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Blending AI & rules-based approach in finance

IFM_ AI & rules-based approach in finance
Most financial institutions want to ensure they are knowledgeable about artificial intelligence and do not fall behind because doing so can put them at a competitive disadvantage

The rise of artificial intelligence (AI), revolutionising processes across the banking sector, is one of the most exciting technological innovations in the previous decade. Leaders in the industry are eager to use artificial intelligence’s potential for understandable reasons. For instance, technology offers a lot of possibilities to automate manual tasks and increase productivity. Additionally, you can use artificial intelligence in Regtech systems to track transactions for outliers, enhancing businesses’ anti-money laundering policies and thwarting potential fraud.

Most financial institutions want to ensure they are knowledgeable about artificial intelligence and do not fall behind because doing so can put them at a competitive disadvantage. A hasty adoption of technologies has resulted, with at least 85% of financial institutions utilising artificial intelligence in some capacity. In addition, the employment of artificial intelligence alone has resulted in a shift in data handling away from conventional “rules-based” systems, which are programmed to follow specific criteria while processing data.

There is no indication that this trend will stop growing. According to surveys, banks and insurance businesses anticipate an 86% increase in AI-related projects’ expenditures by 2025. Although investing in cutting-edge technology can have a big payoff, there’s a chance that this rush to adopt artificial intelligence is leaving some critical gaps.

Potential dangers

Many firms may overlook the reality that a rules-based system still has considerable advantages because so much of the current industry hoopla is about artificial intelligence. After all, rules-based technology continues to be a cutting-edge area of data science where significant research and development are being done.

The fact that rules-based systems are far simpler to comprehend and defend to a regulator may be the most crucial factor. For example, if an organisation is requested to justify a particular choice by their systems, they can quickly show the standards used. However, the identical assignment would be significantly more challenging to complete using an AI system because their decisions are based only on their own opaque and predefined criteria. As a result, it can be difficult to justify these choices, which can make businesses difficult with authorities if the system fails or is thought unjust.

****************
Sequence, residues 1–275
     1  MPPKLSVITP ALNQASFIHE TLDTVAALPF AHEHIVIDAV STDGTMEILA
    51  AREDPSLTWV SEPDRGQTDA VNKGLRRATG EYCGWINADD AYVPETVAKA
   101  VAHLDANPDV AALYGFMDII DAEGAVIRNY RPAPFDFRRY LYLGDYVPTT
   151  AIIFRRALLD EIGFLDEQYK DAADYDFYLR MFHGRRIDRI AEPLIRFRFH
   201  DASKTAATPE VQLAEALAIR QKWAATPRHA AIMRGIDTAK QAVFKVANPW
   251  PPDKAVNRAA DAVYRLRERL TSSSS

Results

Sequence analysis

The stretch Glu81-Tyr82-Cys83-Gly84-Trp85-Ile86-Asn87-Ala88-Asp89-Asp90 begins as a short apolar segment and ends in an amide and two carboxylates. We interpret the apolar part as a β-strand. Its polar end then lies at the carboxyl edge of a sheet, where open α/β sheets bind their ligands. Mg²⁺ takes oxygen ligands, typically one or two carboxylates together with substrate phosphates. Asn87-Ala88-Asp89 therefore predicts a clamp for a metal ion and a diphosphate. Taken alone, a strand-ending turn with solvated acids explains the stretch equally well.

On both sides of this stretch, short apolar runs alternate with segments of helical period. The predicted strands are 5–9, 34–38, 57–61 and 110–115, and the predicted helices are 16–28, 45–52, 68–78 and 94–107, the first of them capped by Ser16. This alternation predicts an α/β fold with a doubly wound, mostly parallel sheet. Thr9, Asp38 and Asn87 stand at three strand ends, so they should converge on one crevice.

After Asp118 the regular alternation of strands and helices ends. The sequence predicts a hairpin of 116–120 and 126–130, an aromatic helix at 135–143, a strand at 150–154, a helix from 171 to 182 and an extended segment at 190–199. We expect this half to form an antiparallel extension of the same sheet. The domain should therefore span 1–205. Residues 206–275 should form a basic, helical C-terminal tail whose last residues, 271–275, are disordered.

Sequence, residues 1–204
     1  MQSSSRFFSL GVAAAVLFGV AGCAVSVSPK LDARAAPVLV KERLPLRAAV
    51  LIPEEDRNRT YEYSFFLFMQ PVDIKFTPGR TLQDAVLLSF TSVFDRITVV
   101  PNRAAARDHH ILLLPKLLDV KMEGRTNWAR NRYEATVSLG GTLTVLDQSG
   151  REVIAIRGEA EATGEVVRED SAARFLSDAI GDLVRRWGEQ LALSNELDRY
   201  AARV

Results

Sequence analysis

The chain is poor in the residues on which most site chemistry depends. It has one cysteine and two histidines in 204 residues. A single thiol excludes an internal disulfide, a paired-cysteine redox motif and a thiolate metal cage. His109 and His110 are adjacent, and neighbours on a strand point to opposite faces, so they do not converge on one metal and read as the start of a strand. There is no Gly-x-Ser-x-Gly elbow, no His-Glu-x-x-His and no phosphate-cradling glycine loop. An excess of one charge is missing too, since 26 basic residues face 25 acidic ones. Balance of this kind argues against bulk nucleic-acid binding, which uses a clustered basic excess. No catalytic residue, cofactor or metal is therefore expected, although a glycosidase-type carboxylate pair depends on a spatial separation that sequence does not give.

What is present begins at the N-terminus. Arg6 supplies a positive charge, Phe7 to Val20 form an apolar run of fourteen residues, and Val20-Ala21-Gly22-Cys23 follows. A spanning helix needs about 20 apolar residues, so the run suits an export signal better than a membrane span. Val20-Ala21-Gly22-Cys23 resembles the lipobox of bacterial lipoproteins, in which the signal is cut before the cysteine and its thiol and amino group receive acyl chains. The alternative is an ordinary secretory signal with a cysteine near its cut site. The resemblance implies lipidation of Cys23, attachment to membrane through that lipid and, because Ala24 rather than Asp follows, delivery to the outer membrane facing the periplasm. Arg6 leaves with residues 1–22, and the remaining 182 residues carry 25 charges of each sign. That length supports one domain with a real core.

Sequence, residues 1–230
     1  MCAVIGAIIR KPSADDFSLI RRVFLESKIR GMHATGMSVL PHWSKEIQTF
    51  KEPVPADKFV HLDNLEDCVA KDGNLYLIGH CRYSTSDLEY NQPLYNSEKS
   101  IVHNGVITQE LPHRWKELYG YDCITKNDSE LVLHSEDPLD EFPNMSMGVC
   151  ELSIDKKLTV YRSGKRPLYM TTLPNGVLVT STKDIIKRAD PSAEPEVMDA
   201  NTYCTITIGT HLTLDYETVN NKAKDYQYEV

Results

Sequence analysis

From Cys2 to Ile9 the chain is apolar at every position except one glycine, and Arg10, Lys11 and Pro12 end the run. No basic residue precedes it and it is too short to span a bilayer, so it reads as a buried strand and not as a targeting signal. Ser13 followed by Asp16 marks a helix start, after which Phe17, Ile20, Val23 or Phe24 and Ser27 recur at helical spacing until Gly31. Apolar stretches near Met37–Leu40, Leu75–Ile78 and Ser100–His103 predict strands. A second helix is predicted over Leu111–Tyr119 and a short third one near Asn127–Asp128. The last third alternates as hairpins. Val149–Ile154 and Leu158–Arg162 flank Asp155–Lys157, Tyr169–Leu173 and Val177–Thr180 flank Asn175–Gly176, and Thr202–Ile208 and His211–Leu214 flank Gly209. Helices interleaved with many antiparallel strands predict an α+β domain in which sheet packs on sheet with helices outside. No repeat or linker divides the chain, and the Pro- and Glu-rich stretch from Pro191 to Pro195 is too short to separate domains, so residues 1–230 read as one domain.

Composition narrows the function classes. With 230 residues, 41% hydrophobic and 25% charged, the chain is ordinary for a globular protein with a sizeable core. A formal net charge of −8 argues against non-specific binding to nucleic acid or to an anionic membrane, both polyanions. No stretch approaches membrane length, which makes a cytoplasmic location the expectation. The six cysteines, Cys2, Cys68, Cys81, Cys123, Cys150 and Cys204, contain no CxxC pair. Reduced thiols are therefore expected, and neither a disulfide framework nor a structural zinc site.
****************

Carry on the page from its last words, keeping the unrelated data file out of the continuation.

Artificial intelligence has come under fire for making prejudice against minority groups applying for loans worse. Google investigated if artificial intelligence could aid businesses in selecting borrowers, but the research was shelved because it was thought too risky from an ethical standpoint. Financial authorities in the United Kingdom have advised banks that they can only use the technology if they can put the required safeguards in place, ensuring that such prejudices are not perpetuated. This is because they are aware of the possible issues with artificial intelligence. They must also be able to describe the decision-making processes used by their technology.

Regulators are increasingly requesting more information regarding artificial intelligence, partly due to these experiences. How does it function? How frequently do you examine it? How can you be sure the findings it produces are accurate? How well does its efficacy compared to your risk profile? Such problems can be solved quickly if there are clear rules about how software can analyse data and serve as a regulatory guide. But if businesses adopting artificial intelligence want to go back and put the initial decisions into proper perspective, they will have to do a lot of tedious work. For this reason, rules are preferable to artificial intelligence in cases with the same outcome.

A combined strategy

Of course, this does not imply that financial organisations do not use artificial intelligence in various ways. Instead, it only makes the case that a combined strategy that combines artificial intelligence and rules may be more effective. For instance, very high levels of risk detection can be ensured via a solid and transparent rules-based approach, with the power of artificial intelligence being utilised in post-processes.

AI can bring significant value by automating these post-processes. Numerous manual operations that can be time-consuming and expensive can be automated by artificial intelligence, making the overall company process more efficient and less costly. The deployment of artificial intelligence has reportedly decreased operating costs for more than a third (37%) of financial services companies, and 34% more believe that artificial intelligence will eventually lower their cost base.

Ingenious use cases